The findings of increased meal-stimulated insulin and GLP-1 are similar to what has been seen in most before-and-after studies of RYGB, according to Bruce M. Wolfe, MD, professor of surgery at the Oregon Health and Science University in Portland. The GLP-1 effect has been recognized long enough that pharmaceutical companies have marketed incretin mimetics, with a GLP-1 analog — exenatide — on the market for several years. Exenatide helps with modest improvements in blood sugar control, although nothing game-changing. It leads to modest weight loss, in contrast to the weight gain generally associated with insulin use, but requires uncomfortable and too-frequent injections. Drug companies are working to come up with a longer-acting version, Wolfe says.
Randy Seeley, director of the Cincinnati Diabetes and Obesity Center, agrees that the literature is consistent when it comes to the effects of RYGB on GLP-1, but says the finding of increased GIP is more controversial. He says some studies show it is increased and others find it reduced, but that GIP is made in the upper duodenum, “so the general version in the literature is that it is reduced after Roux-en-Y bypass because the nutrients aren’t hitting that part of the intestine that is most responsible for making it.”
How then did these researchers find an increase? The Lund paper suggests that “distal GIP production may be induced to compensate for the loss of proximal GIP production in the intestine.”
Researchers have no clear idea of how big a player GIP is in the diabetes game, but the question of its production leads into an ongoing debate between two competing hypotheses on which aspect of RYGB provides its diabetes benefits: because it bypasses the foregut and, therefore, excludes anti-insulin hormones secreted there or because accelerating the delivery of nutrients to the hindgut increases the secretion of incretins. Seeley and Wierup concur that after years of inconclusive study, the foregut-hindgut debate may have outlived its usefulness, particularly because RYGB by definition delivers both conditions. And another factor confounding this debate is that studies have shown that simple calorie restriction, whether provided by diet or surgery and independent of weight loss, can lead to fast and dramatic improvement in diabetes measures.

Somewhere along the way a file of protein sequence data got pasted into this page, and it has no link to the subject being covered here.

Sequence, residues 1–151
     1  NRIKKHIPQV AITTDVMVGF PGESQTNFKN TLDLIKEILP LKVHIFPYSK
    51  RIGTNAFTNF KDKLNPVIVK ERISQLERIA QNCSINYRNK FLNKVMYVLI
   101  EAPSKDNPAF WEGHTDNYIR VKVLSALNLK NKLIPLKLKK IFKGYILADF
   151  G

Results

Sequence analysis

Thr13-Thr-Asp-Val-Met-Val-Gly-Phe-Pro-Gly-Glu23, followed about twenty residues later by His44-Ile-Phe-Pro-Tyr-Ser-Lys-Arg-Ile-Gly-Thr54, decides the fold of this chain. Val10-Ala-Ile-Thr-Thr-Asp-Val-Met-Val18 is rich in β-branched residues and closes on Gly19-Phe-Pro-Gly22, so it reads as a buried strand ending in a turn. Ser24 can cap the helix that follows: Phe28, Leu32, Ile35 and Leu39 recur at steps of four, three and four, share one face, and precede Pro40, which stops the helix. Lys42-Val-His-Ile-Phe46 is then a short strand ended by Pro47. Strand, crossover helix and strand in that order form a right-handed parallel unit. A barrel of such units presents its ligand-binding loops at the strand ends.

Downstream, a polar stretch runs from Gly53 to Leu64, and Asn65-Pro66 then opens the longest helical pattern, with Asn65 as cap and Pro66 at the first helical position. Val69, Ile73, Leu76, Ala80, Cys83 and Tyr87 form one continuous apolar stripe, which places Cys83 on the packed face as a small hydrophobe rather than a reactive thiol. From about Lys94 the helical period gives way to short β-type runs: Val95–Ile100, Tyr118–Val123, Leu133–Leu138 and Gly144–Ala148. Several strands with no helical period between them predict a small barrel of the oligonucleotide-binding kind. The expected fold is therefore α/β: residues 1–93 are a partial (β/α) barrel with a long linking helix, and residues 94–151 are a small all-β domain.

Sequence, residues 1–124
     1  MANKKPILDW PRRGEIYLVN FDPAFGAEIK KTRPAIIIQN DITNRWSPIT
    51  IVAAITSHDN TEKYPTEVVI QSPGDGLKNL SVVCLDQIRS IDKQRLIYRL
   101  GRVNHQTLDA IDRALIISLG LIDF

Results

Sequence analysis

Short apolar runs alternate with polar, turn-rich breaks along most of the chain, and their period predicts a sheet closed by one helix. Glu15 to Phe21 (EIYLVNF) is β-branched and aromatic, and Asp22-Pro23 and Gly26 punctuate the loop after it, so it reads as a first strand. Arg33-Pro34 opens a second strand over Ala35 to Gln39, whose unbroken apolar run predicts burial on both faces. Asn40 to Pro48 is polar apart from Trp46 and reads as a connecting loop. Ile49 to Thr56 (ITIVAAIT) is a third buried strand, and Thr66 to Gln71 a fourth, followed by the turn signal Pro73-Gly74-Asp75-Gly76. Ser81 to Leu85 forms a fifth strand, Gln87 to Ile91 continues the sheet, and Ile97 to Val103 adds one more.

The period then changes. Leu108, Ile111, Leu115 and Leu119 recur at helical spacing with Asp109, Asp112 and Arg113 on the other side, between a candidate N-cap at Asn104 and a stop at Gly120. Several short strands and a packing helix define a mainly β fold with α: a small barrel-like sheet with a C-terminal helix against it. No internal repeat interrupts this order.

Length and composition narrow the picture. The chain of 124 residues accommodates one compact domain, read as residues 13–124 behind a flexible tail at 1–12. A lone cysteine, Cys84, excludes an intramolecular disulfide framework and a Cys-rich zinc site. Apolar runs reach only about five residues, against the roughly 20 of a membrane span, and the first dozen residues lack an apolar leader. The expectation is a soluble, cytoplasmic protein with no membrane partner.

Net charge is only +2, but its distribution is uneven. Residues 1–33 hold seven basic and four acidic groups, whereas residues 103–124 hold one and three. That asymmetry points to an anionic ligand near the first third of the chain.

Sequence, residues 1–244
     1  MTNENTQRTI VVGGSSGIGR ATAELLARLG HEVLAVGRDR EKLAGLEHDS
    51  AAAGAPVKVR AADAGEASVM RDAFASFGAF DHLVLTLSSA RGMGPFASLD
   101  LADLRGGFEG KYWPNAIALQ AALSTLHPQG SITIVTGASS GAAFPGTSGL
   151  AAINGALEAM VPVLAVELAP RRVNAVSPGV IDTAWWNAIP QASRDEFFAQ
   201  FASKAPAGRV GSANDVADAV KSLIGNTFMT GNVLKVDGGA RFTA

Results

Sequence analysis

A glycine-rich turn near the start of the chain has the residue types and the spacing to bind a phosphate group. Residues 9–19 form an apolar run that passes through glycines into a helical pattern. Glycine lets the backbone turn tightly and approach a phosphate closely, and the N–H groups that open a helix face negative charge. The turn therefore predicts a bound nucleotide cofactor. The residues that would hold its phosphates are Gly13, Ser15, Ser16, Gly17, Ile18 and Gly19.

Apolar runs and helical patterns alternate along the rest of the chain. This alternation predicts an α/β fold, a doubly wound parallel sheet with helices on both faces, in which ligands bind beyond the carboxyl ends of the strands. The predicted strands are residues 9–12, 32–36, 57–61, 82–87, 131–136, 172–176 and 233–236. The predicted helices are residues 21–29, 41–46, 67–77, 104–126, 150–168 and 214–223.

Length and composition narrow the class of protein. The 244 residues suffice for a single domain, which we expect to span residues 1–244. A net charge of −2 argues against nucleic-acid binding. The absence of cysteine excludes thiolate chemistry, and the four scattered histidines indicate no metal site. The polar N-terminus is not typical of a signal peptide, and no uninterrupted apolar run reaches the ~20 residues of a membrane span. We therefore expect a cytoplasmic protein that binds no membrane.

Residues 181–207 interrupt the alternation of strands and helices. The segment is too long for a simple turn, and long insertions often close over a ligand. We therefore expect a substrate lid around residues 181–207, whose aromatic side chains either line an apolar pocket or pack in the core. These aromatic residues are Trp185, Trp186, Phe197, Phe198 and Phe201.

Wierup says that the study’s finding that branchedchain amino acids increased after feeding via the bypass route “was unexpected because other researchers have shown, at least a long time after surgery, you get reduced branched-chain amino acids.” He says the finding could be significant because some branched-chain amino acids are direct stimulators of insulin secretion — in vitro experiments with leucine have demonstrated a powerful insulin effect. Wierup notes that despite this effect, branched-chain amino acids have been considered a marker for insulin resistance, and that the new findings call this role into question.
The significance of the changes these researchers identified is still an open question because, as Wolfe says, “There are so many changes occurring after surgery, you can’t measure them all.” And researchers will continue to sort out their importance.
But there is no disputing Wierup’s conclusion: “The take-home message is that the metabolic state is better if you get the food the bypassed way compared to the non-bypassed way.”
— Seaborg is a freelance writer based in Charlottesville, Va., and a regular contributor to Endocrine News.